Have you ever experienced this? You’re in church, singing with the congregation, and suddenly a line from the text becomes highlighted in your mind. You’re arrested by its truth. The music flows on while your heart is stirred up toward God. You feel a lump in your throat and your eyes well up.

You may not be a heart-on-sleeve kind of person (I’m not), but if worshiping God is a heart response to truth, then your emotions should also respond to some extent.

Kevin Bauder (Central Baptist Seminary president) has proposed two regulating principles for the expression of emotion in church music:

First, though good hymnody may express deep emotion, it is not about the emotion. Right emotion must be grounded in reality. When the focus shifts from the spiritual reality to the emotion itself, the emotion in no longer rightly grounded. The purpose of hymnody is to adore God, not to admire ourselves. By concentrating on our own emotions we transform hymnody into a mode of self-assertion.

Second, good hymnody must attach the proper emotions to the realities that are being considered. We recognize intuitively that hymnody must not express emotions such as anger with God or hatred toward him. We know that good hymns do not mock God. Simply avoiding these egregious errors, however, does not ensure that a hymn communicates ordinate affection.

“…We ought to feel and express a range of emotion toward God. We must fill our worship with joy, awe, fear, and love. Not just any awe, or fear, or joy, or love will do, however. We must learn the right fear of God, the right love, the right awe, the right joy.” (PDF)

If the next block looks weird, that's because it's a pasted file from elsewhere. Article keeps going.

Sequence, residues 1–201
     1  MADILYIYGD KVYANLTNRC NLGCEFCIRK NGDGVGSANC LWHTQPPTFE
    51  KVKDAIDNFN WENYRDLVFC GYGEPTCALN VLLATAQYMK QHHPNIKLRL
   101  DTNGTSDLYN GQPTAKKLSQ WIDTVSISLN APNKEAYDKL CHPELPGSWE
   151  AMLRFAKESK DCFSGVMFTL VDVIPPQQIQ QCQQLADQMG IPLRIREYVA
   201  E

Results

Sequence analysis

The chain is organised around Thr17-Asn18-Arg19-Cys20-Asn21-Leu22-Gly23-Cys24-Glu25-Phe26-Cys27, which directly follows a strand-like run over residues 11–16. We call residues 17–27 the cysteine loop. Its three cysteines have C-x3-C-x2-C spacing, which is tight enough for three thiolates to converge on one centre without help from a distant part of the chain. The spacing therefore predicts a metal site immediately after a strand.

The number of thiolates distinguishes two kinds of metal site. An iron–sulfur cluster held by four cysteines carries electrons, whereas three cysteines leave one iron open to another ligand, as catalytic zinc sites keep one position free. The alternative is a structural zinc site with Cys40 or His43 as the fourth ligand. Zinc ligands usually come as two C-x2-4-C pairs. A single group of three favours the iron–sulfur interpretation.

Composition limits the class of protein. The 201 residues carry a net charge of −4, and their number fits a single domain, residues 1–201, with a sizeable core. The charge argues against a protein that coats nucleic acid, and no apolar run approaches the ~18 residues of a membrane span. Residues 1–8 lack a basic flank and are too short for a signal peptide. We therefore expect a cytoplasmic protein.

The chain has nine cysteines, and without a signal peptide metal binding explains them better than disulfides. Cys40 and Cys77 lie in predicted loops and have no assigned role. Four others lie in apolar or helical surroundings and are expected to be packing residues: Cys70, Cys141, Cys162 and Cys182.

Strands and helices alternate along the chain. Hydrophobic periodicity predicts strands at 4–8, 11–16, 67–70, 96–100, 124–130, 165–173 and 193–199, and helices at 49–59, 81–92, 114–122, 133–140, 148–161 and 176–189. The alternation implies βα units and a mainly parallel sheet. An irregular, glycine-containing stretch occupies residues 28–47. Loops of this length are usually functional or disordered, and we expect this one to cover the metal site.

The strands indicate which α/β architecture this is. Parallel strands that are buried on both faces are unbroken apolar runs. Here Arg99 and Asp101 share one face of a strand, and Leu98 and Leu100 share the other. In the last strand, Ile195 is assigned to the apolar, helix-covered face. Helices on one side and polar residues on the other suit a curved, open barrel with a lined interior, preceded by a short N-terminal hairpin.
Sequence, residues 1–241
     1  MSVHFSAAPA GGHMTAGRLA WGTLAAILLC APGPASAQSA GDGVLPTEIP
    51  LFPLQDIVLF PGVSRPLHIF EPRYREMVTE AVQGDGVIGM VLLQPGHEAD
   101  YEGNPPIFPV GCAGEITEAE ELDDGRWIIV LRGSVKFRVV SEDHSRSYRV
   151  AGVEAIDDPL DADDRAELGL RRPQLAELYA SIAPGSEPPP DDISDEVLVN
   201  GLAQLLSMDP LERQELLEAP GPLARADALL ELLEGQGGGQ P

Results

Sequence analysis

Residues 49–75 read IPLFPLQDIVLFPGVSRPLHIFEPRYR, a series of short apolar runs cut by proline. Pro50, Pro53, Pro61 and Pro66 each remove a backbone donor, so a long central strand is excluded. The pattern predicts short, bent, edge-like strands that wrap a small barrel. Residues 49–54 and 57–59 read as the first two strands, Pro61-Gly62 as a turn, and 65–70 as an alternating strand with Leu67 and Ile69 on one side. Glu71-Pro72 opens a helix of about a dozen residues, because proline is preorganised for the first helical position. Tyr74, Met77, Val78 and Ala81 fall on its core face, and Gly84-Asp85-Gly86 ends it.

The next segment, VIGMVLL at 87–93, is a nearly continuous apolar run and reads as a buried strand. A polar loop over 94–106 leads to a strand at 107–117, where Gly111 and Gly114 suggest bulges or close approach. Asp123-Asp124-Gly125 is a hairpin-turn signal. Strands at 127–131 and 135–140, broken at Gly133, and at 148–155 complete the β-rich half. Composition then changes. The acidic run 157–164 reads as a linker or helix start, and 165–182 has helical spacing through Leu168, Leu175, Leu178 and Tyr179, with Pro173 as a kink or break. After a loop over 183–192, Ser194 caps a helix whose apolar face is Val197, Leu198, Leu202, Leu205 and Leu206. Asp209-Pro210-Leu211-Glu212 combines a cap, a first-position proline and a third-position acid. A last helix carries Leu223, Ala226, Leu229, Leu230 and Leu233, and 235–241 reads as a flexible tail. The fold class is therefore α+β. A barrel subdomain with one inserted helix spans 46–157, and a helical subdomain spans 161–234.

What hymn or song has stirred your feelings toward God? Recently I’ve found this communion hymn (by Isaac Watts) resounds with the Scriptural awe of God’s grace. You can hear a sample here and here are some of the verses:

“How Sweet And Awful Is the Place”
While all our hearts and all our songs
Join to admire the feast,
Each of us cry, with thankful tongues,
“Lord, why was I a guest?”
“Why was I made to hear Thy voice,
And enter while there’s room,
When thousands make a wretched choice,
And rather starve than come?”
We long to see Thy churches full,
That all the chosen race
May, with one voice and heart and soul,
Sing Thy redeeming grace.

share this article

About Ben Kwok

Ben is part of a church plant team establishing the Rouse Hill Church. He holds a Master of Divinity degree. Ben and his wife Diahanna live in Sydney, Australia with their four young children.


  1. Jason Harris 7 October, 2009 at 12:32 pm - Reply


    A debtor to mercy alone.
    Of covanent mercy rcy I sing.
    I come with your righteousness on,
    My humble offering to bring.
    The judgements of your holy law
    with me can have nothing to do
    My Saviours obedience and blood
    Hide all my transgressions from you.

    The work which your goodness began
    The arm of your strength will complete.
    The promise is “yes” and “amen”
    And never was forfeited yet.
    The future, or things that are not;
    No power below or above
    Can make you your purpose forego
    Or sever my soul from your love.

    My name from the palms of your hands
    Eternity will not erase.
    And pressed on your heart it remains
    In marks of indellible grace.
    Yes, I to the end will endure
    Until I bow down at your throne
    Forever and always secure,
    a debtor to mercy alone.

  2. Ben Kwok 8 October, 2009 at 7:27 am - Reply

    Amen! we like that text too.

  3. Robert Apps 10 October, 2009 at 10:01 am - Reply

    good post Ben. Emotion grounded in reality. I like that.

Leave A Comment